Culture: Weird versus Different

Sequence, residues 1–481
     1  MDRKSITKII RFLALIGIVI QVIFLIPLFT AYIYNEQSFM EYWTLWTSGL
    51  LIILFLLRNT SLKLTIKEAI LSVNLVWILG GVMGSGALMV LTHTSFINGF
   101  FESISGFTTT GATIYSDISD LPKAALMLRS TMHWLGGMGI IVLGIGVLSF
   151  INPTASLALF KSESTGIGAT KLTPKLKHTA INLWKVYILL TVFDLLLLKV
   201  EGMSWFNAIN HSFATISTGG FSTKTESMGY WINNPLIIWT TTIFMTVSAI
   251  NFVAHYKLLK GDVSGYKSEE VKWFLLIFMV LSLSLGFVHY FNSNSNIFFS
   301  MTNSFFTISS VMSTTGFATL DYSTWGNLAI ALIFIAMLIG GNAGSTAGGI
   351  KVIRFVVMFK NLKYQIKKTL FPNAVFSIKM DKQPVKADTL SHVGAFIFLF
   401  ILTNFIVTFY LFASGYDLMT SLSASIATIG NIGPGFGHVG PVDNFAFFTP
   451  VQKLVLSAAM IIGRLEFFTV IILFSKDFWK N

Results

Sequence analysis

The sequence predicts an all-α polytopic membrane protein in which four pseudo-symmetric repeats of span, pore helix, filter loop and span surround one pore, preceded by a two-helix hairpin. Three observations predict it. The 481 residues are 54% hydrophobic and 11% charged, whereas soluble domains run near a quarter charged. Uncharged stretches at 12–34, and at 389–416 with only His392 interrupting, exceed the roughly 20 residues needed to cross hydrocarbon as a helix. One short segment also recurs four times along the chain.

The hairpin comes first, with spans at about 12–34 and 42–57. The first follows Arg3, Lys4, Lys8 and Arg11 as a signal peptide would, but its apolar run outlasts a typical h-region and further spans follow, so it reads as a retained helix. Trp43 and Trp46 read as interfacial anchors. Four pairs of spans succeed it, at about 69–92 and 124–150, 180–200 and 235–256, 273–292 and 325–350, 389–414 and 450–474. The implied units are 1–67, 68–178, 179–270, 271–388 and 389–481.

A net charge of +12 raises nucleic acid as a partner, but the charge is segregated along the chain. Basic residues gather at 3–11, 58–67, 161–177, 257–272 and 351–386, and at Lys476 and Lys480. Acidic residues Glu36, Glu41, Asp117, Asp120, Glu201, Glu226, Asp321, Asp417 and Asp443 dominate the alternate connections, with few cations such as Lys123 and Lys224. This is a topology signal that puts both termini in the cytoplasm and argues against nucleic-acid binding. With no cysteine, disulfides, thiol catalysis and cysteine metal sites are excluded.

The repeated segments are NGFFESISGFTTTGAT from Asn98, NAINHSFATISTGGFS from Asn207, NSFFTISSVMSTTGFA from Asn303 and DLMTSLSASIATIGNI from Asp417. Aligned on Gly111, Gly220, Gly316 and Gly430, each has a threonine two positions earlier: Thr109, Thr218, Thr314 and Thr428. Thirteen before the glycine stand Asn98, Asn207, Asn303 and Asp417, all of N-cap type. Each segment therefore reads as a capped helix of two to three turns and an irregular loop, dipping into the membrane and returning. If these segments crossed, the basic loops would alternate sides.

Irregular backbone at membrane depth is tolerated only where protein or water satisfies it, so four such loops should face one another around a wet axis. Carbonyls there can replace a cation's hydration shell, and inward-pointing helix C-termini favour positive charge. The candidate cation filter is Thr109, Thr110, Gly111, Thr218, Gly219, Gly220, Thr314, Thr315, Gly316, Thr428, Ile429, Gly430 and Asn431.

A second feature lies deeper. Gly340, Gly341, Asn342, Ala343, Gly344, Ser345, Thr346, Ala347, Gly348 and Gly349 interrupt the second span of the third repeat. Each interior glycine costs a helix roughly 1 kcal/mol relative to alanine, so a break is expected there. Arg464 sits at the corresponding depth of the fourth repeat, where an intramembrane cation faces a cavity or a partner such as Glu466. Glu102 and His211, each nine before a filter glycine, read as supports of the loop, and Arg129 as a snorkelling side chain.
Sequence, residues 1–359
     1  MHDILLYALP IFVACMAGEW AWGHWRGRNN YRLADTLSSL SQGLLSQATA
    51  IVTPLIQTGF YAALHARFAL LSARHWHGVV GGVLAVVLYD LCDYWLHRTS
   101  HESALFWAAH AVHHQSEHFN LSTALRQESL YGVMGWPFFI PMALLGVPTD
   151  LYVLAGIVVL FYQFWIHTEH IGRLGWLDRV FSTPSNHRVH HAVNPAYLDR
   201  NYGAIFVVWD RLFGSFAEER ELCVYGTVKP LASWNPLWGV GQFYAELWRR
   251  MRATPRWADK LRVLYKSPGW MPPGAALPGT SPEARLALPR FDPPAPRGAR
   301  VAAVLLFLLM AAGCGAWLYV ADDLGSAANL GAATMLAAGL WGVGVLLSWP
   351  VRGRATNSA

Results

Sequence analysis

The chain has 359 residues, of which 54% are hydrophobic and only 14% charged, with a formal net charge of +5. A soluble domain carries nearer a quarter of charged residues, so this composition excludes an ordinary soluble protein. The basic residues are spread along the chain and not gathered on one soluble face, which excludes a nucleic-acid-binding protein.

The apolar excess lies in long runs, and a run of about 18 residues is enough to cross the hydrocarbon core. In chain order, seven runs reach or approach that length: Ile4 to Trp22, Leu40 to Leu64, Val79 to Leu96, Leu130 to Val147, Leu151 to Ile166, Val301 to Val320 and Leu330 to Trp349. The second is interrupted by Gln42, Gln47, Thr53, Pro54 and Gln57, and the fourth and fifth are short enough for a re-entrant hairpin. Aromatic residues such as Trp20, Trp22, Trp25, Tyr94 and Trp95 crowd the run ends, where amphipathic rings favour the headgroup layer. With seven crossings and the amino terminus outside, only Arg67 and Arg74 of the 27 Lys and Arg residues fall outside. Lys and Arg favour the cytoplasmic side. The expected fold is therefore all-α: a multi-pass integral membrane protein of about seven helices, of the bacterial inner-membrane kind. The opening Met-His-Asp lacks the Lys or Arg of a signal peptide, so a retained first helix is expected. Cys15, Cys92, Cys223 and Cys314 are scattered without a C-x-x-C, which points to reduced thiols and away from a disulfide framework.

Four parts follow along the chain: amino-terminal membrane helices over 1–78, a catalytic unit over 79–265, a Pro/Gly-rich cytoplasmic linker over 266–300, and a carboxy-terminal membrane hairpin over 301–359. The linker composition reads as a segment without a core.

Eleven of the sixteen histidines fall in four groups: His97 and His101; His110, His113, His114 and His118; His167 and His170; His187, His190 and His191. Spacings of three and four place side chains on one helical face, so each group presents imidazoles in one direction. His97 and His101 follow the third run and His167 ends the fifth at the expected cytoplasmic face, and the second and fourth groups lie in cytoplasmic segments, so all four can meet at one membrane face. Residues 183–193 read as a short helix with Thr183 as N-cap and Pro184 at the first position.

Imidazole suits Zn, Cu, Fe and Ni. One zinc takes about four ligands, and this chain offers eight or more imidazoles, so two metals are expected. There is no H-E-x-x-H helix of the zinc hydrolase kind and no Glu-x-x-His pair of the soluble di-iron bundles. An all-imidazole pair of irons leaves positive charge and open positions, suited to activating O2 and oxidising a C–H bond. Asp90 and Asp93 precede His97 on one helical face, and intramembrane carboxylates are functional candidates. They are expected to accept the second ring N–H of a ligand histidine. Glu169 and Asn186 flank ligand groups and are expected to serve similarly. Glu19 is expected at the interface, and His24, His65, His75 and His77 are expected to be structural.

December 8th, 2011